Why I May Still Be Canadian
An irreverent look at all things Canadian and Israeli by a Canadian expat who somehow ended up in self-exile somewhere in the empty expanse of the Negev desert.
Why I May Still Be Canadian is an irreverent look at all things Canadian and Israeli by a Canadian expat who somehow ended up in self-exile somewhere in the empty expanse of the Negev desert. David Lloyd left his native Canada at the age of 18, but it took him over 35 years of living in Israel before he was ready to take on the name of expat. And in doing so, he set out to understand the true meaning of the word through the writing of this blog. He has set out on a long and intricate journey and hopes that you will join him, as we question the things that shape us. Do family, language and culture really determine who we are, or is there still room to reinvent ourselves? You need not be an expat to join in this journey. The questions are relevant to us all. It helps, though, if you have a sense of humour.
It took me over 35 years of living
in Israel before I took on the name
of expat. But can I really claim this title after having lived abroad for so many years?
If it weren't for this blog, I probably
wouldn’t have adopted this title even now. In my online search for similar ramblings by Canadians living abroad, I discovered the term expat (expatriate). The dictionary definition of expat is: Someone living in a country that is not their own country. But this definition leads to even more questions.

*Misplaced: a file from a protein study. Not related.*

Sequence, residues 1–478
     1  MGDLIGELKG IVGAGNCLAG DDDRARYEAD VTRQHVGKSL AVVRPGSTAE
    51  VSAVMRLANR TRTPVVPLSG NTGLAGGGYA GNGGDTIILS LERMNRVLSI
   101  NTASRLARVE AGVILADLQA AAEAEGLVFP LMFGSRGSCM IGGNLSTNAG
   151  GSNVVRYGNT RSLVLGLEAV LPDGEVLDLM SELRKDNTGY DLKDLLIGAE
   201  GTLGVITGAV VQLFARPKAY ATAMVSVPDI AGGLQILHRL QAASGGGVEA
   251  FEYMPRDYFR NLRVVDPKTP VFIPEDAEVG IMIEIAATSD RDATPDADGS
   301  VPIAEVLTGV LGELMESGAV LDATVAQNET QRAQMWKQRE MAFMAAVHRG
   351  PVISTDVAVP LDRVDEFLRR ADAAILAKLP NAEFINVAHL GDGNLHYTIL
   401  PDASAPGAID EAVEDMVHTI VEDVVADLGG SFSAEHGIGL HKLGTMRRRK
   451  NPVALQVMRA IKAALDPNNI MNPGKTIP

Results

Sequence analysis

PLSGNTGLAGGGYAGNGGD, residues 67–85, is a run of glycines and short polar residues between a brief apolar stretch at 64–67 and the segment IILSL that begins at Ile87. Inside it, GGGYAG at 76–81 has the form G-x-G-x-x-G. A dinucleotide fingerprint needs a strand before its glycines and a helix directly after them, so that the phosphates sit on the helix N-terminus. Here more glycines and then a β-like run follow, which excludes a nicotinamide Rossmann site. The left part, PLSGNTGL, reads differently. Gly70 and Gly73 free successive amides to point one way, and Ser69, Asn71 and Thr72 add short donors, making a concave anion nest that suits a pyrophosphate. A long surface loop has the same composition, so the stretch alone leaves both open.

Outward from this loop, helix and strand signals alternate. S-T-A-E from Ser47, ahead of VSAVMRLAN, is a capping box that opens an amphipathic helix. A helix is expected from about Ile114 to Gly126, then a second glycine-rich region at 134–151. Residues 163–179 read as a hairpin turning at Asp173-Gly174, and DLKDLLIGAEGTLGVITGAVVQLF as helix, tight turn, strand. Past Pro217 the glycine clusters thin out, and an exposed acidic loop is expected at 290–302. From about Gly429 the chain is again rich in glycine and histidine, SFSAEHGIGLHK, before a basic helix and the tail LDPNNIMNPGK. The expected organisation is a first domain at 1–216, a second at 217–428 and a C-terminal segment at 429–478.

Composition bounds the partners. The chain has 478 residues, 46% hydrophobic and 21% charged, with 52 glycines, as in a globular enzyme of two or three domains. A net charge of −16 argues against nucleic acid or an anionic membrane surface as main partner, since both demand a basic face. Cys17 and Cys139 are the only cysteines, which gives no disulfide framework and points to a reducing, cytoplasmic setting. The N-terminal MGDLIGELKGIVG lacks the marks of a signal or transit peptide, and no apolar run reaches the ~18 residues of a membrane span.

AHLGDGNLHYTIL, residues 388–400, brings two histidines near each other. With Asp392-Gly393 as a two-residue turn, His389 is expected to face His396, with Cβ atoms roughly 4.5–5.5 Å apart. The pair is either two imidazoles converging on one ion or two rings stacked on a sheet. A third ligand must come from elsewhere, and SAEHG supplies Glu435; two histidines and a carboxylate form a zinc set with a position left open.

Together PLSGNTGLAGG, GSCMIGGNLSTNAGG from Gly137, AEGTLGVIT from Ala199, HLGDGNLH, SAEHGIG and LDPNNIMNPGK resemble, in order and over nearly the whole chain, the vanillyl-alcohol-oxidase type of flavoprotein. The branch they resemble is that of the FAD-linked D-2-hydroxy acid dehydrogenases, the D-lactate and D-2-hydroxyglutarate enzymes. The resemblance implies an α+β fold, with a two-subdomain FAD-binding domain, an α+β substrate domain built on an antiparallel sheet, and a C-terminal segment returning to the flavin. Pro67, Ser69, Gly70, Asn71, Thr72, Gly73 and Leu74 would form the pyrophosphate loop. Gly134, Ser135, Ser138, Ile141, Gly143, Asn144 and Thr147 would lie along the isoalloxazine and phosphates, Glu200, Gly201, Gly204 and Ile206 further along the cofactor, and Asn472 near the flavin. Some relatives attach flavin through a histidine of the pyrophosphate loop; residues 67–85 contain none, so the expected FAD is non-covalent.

What do we mean by their own country? Is this defined simply by citizenship? I have dual citizenship: Canadian and Israeli. Am I now a Canadian expat when living in Israel, but an Israeli expat when living in Canada? Or maybe it is defined by which citizenship came first. In my case it was Canadian, but my children were born both Israeli and
Canadian - as they were born in Israel to a Canadian father. Can they then be called Canadian expats, even though they have never lived in Canada? And what if we had moved half a year after their birth in Israel to live permanently in Canada - which country would they then call their own?
So, who deserves the term expat? And when can you begin to call yourself an expat, and when should you stop?